Click here to read reviewer Norma J. Shattuck's take on A Dead Hand or here for Sandie Kirkland's review.
Theroux has written a dark tale of middle-aged seduction, child exploitation and betrayal. In Calcutta, travel writer Jerry Delhunt has a “dead hand” - writer’s block. He has no inspiration to write, no thoughts to put on a page. So when he receives a letter on fine stationery written in lush purple ink, the disillusioned writer is at first “amused by its presumption.”
In the missive, a wealthy, idiosyncratic woman, Merrill Unger, requests his assistance as a fellow American in India. It seems that her son’s friend, Rajat, has been telling a strange tale of late: he woke in a shabby Calcutta hotel to find the body of a dead child in his room. Fearful that he would be accused in the death, Rajat fled the scene. Now Mrs. Unger is hoping Delhunt can uses his connections in the city to learn more about the incident and whether it really happened.
In a country where forty-four thousand children go missing every year, the life of one child hardly seems significant. But when Delhunt meets the stunning and beautiful Mrs. Unger, he falls helplessly under her spell. Not only is she exotic and well-traveled, with business in Calcutta. She has also established a safe place for homeless children much in the vein of Sister Theresa, but decrying the publicity and public funding that the nun so enjoyed.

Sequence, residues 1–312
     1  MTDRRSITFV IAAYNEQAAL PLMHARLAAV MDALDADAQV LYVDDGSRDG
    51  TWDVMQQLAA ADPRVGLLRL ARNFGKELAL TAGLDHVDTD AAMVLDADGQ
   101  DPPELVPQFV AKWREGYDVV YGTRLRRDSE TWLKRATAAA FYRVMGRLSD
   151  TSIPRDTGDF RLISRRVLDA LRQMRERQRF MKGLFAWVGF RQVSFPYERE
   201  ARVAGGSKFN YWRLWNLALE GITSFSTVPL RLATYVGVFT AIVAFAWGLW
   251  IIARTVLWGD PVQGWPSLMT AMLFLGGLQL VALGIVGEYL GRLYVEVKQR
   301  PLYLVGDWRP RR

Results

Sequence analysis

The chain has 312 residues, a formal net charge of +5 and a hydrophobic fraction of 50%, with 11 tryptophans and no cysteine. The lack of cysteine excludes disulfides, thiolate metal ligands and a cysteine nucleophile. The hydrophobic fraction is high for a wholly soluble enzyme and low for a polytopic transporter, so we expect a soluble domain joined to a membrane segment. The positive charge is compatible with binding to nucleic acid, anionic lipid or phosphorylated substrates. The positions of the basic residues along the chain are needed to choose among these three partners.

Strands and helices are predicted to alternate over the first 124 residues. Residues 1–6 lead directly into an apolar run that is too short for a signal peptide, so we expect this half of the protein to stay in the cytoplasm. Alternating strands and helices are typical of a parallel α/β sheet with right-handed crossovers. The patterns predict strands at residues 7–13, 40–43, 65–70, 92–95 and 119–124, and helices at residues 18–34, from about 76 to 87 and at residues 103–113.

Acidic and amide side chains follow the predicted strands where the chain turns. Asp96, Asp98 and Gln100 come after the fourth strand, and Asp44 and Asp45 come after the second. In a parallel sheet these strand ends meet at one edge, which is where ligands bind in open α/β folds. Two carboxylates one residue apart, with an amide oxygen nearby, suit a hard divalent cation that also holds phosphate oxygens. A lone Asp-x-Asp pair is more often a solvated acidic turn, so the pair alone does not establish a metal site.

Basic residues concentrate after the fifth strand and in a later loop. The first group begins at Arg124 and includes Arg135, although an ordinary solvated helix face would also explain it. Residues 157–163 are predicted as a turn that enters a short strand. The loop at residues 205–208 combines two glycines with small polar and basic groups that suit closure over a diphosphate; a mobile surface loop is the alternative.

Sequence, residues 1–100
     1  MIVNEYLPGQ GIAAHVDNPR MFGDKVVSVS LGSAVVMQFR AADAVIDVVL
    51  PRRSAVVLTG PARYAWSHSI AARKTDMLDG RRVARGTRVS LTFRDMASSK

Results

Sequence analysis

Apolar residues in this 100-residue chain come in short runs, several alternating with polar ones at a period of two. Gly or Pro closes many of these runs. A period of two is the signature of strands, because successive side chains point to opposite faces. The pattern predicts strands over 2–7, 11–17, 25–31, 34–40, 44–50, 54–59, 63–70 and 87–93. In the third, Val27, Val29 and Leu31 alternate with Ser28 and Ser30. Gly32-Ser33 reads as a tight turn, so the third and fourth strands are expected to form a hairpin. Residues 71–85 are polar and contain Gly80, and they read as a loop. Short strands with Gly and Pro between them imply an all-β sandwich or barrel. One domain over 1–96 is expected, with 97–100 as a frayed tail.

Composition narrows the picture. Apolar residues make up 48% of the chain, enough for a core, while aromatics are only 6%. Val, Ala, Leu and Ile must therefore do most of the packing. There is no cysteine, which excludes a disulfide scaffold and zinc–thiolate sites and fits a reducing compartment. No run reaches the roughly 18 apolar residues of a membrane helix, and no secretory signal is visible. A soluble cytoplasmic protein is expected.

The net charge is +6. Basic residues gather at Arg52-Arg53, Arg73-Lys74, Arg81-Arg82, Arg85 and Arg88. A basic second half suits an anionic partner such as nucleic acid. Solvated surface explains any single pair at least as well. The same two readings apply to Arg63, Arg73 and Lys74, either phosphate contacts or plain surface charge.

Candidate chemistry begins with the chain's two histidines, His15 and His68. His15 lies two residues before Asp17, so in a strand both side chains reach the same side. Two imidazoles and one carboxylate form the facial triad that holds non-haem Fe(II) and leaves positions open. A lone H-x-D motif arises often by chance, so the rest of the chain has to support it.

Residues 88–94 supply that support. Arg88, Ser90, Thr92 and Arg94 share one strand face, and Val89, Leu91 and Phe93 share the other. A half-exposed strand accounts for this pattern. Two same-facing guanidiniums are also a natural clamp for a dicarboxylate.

Hoping to please this enigmatic creature, Delhunt begins a casual investigation into Rajat’s claims about the hotel and the missing child, falling deeper into his enchantment, especially after Mrs. Unger introduces the writer to tantric sex. Happy for the distraction from his failings, Delhunt now believes that he has been “pretending to be a writer when I was only indulging myself as a tourist.” Mrs. Unger offers freedom from his self-excoriation, a fugue in which Delhunt drifts from one erotic meeting to another with the object of his obsession.
Better that Delhunt remember that “India has a market economy…there are no suitors, only customers.” For every natural death, a thousand unremarked atrocities occur. Delhunt’s obsession with Mrs. Unger leads him to pursue the mystery behind the child’s death, a path that leads to uncomfortable answers and the likelihood of betrayal, his foolish romantic notions wound up with Mrs. Unger’s worship of the goddess Kali and the practice of tantric sex, the writer willfully oblivious.
Theroux perfectly captures this frustrated writer’s ennui and vulnerability to the sophisticated woman, Calcutta teeming with the disadvantaged and the desperate, mobs of beggars that frighten Mrs. Unger: “I always think they want to devour me.” A strange, dark tale of obsession, betrayal and exploitation, Theroux’s protagonist swims upstream until he is washed ashore, the truth obscured by his unexpected passion, the goddess Kali insatiable.